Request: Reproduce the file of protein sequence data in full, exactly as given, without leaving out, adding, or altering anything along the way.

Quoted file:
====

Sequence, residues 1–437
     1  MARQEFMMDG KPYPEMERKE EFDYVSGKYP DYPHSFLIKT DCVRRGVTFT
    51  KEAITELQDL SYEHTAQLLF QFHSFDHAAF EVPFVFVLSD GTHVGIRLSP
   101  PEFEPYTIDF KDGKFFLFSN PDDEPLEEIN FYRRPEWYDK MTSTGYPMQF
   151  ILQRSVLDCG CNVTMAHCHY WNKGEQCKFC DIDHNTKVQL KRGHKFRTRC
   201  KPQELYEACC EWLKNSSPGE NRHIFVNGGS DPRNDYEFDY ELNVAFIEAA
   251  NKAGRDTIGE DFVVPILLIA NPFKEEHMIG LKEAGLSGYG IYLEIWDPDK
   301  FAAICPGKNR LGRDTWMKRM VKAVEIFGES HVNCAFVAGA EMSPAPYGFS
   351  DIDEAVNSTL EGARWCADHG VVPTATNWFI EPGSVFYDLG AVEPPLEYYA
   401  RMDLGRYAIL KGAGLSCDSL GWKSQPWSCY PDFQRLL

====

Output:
Sequence, residues 1–437
     1  MARQEFMMDG KPYPEMERKE EFDYVSGKYP DYPHSFLIKT DCVRRGVTFT
    51  KEAITELQDL SYEHTAQLLF QFHSFDHAAF EVPFVFVLSD GTHVGIRLSP
   101  PEFEPYTIDF KDGKFFLFSN PDDEPLEEIN FYRRPEWYDK MTSTGYPMQF
   151  ILQRSVLDCG CNVTMAHCHY WNKGEQCKFC DIDHNTKVQL KRGHKFRTRC
   201  KPQELYEACC EWLKNSSPGE NRHIFVNGGS DPRNDYEFDY ELNVAFIEAA
   251  NKAGRDTIGE DFVVPILLIA NPFKEEHMIG LKEAGLSGYG IYLEIWDPDK
   301  FAAICPGKNR LGRDTWMKRM VKAVEIFGES HVNCAFVAGA EMSPAPYGFS
   351  DIDEAVNSTL EGARWCADHG VVPTATNWFI EPGSVFYDLG AVEPPLEYYA
   401  RMDLGRYAIL KGAGLSCDSL GWKSQPWSCY PDFQRLL